Health care has evolved gradually and consistently with the emergence of new technologies, especially those designed to improve the quality of patient care. New technologies long have aided clinicians in diagnosing and treating patients, particularly those with complex medical issues. This level of complexity is no more evident than in a health care facility's imaging department.
Within the past 20 years, combining imaging technologies has become popular. This practice, in fact, has become common in the world of nuclear medicine, where both positron emission tomography (PET) and single-photon emission computed tomography (SPECT) have been combined with computed tomography (CT) to create PET/CT and SPECT/CT, respectively.
Until recently, most clinicians have been leaning on PET/CT and SPECT/CT for the majority of their work in oncology. But that's about to change.
What is PET/MR?
PET/MR combines PET, which uses a tracer to highlight tumors, and magnetic resonance (MR) imaging, which uses a strong magnetic field to produce images of soft-tissue filled areas. The advantage of combining these two technologies into one system is that oncologists now are able to get the best available image of a tumor located in a soft tissue area.
This hybrid system can provide clinicians with new insights into the worlds of neuroscience and neurological disorders. It also will allow oncologists the option to scan a patient's whole body, which is especially important with increasing instances of cardiovascular disease and cancer. Imagine a system that can scan a patient's entire body with the sensitivity to detect any brain, bone or liver tumors all in one scan.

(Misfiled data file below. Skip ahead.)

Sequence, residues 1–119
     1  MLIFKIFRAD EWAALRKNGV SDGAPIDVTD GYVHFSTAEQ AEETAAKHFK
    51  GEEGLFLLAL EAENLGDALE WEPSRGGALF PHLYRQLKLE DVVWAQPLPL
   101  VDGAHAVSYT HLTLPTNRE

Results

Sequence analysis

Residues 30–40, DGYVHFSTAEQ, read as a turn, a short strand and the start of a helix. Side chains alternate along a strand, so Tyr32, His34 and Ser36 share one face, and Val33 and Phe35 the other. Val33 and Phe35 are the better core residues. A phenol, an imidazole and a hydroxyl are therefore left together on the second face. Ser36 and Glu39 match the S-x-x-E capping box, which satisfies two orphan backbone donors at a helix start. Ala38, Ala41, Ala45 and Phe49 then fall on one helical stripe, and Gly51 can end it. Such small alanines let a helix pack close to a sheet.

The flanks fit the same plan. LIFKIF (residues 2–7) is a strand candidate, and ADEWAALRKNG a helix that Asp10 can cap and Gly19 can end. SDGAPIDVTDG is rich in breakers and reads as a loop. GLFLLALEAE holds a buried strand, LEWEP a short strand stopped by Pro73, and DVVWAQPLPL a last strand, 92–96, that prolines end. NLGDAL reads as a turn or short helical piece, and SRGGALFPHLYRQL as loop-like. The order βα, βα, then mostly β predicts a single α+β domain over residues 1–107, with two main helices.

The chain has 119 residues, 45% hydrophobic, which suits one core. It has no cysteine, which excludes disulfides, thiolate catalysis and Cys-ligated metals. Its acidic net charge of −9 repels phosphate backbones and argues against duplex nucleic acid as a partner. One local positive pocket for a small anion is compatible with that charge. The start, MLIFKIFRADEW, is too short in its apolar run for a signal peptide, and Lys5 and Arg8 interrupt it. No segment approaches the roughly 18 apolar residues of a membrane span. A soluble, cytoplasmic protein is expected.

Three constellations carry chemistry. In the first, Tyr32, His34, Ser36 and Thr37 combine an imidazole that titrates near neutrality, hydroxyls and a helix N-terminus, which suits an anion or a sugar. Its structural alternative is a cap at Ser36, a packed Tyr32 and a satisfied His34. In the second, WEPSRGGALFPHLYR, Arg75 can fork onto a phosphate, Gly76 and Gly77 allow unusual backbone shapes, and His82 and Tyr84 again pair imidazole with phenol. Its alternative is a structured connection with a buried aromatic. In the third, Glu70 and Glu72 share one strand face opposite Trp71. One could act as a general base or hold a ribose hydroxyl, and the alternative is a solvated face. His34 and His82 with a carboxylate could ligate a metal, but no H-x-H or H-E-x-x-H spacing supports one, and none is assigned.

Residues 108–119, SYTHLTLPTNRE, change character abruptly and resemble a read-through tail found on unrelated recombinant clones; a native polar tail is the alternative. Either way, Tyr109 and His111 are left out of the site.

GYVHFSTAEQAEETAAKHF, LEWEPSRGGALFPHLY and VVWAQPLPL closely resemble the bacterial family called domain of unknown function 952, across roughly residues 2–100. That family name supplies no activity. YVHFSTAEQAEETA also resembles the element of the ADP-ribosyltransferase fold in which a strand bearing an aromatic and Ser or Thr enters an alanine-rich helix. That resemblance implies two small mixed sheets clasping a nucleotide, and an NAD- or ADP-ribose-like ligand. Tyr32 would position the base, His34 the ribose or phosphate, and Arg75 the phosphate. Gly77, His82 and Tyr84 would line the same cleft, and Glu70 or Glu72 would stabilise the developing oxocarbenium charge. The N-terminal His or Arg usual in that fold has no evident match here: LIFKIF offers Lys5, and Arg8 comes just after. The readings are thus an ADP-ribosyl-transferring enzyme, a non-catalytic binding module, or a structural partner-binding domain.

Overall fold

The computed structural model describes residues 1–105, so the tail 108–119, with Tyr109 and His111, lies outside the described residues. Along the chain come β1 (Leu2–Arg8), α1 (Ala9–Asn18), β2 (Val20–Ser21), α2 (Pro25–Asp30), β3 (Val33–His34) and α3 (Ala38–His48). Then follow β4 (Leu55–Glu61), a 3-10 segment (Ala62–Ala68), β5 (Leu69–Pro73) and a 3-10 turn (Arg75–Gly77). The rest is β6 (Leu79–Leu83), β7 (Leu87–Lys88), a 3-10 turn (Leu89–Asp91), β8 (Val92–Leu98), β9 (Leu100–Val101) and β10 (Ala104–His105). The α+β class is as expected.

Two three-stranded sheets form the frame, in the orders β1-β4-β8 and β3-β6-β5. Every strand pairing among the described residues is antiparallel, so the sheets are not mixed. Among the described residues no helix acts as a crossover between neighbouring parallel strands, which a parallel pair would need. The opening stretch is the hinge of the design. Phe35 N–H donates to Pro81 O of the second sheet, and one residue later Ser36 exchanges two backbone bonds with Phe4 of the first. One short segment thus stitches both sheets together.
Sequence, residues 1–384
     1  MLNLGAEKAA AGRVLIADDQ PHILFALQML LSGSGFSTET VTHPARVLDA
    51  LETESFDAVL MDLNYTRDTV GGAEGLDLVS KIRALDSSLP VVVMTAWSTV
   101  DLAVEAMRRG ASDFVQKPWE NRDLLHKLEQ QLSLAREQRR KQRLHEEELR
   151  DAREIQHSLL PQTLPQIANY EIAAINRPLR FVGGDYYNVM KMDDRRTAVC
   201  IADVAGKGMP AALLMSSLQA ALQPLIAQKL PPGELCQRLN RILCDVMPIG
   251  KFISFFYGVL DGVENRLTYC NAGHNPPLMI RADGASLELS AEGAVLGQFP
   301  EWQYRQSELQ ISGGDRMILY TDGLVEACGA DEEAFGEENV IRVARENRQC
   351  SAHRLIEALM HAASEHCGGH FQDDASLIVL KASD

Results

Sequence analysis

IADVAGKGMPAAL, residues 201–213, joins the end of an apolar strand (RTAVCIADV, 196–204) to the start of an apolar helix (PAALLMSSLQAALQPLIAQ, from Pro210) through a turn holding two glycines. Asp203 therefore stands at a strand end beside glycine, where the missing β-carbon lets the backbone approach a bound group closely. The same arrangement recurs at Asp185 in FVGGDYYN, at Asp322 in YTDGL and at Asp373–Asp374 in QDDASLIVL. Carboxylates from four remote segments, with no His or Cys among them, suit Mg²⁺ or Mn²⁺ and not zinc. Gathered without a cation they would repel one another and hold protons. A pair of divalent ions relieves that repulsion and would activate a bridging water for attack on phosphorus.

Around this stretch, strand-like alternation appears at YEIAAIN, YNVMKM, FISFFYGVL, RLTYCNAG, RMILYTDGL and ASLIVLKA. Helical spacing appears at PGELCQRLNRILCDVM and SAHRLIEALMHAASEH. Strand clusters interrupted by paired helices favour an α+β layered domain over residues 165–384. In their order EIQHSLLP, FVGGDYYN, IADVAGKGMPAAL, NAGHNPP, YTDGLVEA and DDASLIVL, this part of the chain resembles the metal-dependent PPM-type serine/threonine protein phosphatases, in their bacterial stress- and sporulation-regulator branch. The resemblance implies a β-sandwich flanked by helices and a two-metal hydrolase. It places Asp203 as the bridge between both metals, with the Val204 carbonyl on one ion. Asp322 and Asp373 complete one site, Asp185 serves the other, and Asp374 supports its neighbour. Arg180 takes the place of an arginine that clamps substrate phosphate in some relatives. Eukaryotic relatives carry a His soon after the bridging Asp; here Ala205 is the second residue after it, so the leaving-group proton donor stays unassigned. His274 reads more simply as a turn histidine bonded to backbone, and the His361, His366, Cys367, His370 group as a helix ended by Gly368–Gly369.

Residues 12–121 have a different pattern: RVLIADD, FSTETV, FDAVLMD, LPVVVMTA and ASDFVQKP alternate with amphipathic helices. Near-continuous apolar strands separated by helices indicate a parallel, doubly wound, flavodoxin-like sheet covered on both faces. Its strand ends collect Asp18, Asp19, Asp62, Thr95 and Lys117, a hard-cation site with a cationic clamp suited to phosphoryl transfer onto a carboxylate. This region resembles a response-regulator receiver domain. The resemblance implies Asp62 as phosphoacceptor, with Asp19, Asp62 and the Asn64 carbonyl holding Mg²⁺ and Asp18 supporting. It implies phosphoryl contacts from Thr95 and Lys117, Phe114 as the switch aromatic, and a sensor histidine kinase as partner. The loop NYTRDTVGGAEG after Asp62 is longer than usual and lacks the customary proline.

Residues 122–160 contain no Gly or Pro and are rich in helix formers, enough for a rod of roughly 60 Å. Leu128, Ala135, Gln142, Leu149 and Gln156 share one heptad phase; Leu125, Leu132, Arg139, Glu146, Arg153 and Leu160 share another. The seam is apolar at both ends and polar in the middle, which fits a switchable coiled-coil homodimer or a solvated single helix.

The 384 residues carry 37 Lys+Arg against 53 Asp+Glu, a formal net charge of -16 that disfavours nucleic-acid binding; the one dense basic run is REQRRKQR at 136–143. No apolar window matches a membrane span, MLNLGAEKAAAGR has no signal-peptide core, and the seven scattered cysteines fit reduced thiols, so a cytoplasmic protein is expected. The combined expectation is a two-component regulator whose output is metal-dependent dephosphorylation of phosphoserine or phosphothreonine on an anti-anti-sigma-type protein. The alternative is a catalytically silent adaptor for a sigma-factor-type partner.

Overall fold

Another advantage of PET/MR is the ability to utilize other imaging techniques to complement the main technology. For example, by using spectroscopy with a PET/MR scan, clinicians can investigate the properties of specific organs to determine if there are any abnormalities. Functional MRI (fMRI) also can be used along with PET/MR to assess brain function by detecting a contrast dependent on the blood-oxygenation level. Combining PET with cardiac MRI and whole-body MR angiography also enables physicians to detect and differentiate between vulnerable plaques.
Along with these advantages, PET/MR also eliminates the existence of ionizing radiation incurred by the patient when compared with PET/CT. The amount of radiation exposure through PET/CT can be significant, especially if repeated whole-body examinations are required for monitoring purposes. By using PET/MR instead of PET/CT, radiation is reduced to the minimal amount emitted by the radiopharmaceutical required for the PET portion of the scan.
Present and future
The first PET/MR prototype was assembled at the University of California-Davis in 1997. Since then, the major imaging vendors have been working to perfect the PET/MR technology to serve the needs of health care.
As of 2011, the first two PET/MR models were approved for sale in the United States by the Food and Drug Administration. One additional model since has been approved.
In general, there are two main configurations in PET/MR.
* The simplest configuration is a tandem one, where PET and MR images are taken sequentially in two separate scanners. This can be achieved either by having both systems in the same room or in separate rooms. The former rotates the patient table between imaging systems, while the latter moves the same patient transfer tabletop between both rooms and docks it on both system gantries. In addition to the simplicity of image registration, the advantages of a tandem configuration are that it's less expensive than a concurrent system and it minimizes claustrophobia because of the large space between scanners.
* The more complex method, known as concurrent PET/MR imaging, combines both PET and MR in a single platform. …